EDITORIAL: Nevada’s Public Employee Retirement System should re-evaluate its rosy projections

Pie-in-the-sky investment expectations have long helped public pension systems disguise the reality of their taxpayer obligations. By assuming overly generous returns over the long run, government retirement programs camouflage the wide gap between what they have promised and what they actually have.

In late 2016, Moody’s put the shortfall at $1.75 trillion nationally.

But stricter accounting rules, along with heightened scrutiny of these ticking taxpayer bombs, are leading many states, including Nevada, to re-evaluate the optimistic assumptions underpinning these systems. Will it be enough?

On Thursday, the board governing the Nevada Public Employees Retirement System will consider lowering the return expectation on its investment portfolio for the first time in more than 30 years. Since 1984, PERS has assumed 8 percent annual earnings; the new proposal would drop that to 7.5 percent. “Most funds are headed in this direction,” said Tina Leiss, an executive officer in the system. “It does take a little risk off the table if you can do this.”

While a step in the right direction, the lower assumption may still be unrealistic, as an August report in Bloomberg Businessweek suggested.

“If you walked into a pension fund today which had no investments, and you were given a pile of cash and you invested today intelligently, prudently, but not shrinking from risk,” an owner of an asset management company told the magazine, “I think you could expect to make something in the vicinity of 5 percent in the coming years.”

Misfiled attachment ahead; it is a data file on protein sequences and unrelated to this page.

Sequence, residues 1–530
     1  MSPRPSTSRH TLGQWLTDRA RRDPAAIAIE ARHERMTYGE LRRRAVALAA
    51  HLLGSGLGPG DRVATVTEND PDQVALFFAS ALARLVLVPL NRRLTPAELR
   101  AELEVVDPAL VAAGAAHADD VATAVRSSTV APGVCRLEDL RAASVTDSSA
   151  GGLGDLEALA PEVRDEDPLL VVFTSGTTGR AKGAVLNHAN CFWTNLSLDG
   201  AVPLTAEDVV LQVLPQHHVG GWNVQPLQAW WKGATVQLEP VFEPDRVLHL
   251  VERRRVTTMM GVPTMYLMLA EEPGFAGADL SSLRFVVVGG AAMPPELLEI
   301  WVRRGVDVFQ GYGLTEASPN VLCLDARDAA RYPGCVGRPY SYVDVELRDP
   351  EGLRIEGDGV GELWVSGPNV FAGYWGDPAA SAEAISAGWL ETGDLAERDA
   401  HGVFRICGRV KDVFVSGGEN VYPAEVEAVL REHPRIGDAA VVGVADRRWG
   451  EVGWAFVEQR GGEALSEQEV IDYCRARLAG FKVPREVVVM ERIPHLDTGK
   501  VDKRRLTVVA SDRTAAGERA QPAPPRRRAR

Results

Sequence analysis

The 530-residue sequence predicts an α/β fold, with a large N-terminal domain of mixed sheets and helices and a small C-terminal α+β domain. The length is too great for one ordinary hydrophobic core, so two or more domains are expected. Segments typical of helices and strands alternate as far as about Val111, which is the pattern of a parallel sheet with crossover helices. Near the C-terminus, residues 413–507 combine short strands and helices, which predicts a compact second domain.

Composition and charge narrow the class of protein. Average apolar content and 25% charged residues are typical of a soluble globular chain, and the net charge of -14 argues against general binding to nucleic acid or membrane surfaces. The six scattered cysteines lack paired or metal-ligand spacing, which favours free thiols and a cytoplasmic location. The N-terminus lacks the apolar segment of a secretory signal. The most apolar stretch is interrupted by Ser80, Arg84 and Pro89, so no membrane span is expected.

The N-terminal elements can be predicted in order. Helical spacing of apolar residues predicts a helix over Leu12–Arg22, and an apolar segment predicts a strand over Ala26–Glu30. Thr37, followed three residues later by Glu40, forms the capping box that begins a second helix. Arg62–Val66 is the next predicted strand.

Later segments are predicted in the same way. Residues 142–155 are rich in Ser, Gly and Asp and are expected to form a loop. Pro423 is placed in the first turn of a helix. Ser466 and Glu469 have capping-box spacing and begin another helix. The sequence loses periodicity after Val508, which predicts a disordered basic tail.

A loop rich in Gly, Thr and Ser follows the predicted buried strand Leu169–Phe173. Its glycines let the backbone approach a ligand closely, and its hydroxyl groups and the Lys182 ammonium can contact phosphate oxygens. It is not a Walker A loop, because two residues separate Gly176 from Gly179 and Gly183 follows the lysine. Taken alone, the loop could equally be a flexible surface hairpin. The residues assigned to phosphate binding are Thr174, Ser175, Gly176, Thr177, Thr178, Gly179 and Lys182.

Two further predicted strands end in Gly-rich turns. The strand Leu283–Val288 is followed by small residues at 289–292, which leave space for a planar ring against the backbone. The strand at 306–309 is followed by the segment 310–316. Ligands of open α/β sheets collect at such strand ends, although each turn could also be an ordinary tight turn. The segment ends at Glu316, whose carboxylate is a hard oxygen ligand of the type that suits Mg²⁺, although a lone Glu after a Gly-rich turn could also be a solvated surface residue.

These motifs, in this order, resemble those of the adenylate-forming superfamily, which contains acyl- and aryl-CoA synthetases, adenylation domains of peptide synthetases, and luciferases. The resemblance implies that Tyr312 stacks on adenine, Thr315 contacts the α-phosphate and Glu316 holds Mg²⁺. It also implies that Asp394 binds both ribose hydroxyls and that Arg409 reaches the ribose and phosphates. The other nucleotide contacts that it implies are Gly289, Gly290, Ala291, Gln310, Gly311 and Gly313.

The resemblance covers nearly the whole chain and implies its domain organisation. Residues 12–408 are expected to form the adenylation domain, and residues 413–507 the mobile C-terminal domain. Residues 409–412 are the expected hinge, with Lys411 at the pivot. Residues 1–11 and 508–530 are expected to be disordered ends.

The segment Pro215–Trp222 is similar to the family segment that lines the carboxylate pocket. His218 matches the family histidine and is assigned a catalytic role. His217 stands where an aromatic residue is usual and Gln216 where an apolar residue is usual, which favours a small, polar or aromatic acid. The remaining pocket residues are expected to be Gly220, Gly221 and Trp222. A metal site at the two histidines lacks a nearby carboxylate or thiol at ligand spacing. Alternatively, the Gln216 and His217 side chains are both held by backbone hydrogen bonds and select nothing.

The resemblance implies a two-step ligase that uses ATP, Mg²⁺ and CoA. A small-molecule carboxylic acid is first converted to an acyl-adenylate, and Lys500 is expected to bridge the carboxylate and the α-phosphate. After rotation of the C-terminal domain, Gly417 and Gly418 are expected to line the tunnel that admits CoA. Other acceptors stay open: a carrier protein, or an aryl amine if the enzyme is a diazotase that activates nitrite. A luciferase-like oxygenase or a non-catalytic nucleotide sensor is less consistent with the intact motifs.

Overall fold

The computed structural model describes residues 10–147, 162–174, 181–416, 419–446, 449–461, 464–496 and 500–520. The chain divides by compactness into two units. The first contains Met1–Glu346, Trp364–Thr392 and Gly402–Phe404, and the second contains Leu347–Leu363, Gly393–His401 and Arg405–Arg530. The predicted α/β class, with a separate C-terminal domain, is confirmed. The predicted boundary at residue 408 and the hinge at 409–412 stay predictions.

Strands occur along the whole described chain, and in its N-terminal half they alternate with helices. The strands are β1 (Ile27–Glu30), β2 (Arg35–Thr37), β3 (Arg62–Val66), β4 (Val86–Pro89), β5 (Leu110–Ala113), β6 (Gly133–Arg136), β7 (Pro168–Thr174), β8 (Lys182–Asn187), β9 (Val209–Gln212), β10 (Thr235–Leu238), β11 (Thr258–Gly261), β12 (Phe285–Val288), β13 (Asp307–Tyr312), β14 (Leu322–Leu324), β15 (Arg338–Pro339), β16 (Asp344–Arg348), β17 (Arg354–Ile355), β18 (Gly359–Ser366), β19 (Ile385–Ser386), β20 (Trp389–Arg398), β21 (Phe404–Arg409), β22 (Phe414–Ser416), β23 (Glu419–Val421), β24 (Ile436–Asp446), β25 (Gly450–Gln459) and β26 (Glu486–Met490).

But 5 percent will never happen, in large part because that would destroy the illusion of solvency and further erode support for the generous, defined-benefit government retirement systems unavailable to the private-sector grunts forced to pay the bills. In addition, politically powerful public-sector unions make significant contributions — courtesy of the taxpayers — to Democratic lawmakers, who, in turn, vehemently resist serious discussions about the fiscal realities of government pensions.

“Public pensions are wary of lowering their expected return rates … too quickly because doing so would drastically increase costs for state and local governments and their employees,” noted a recent Reuters report. In other words, a more realistic approach could trigger a taxpayer revolt.

And as pension funds kick the can decades into the future, the potential impact of shortfalls, relative to government tax revenue, gets larger and larger. The Rutherford Institute found that the number “is now more than three times as large as it was in 1995, and about 10 times as large as in 1985,” Reuters reports.

Setting more sensible investment expectations is a worthy goal, and PERS should do so. But in the long run, the only way to address the massive funding gap is to implement comprehensive reforms that include attacking lavish benefits and moving new government hires into a defined-contribution system like those found in the private sector.

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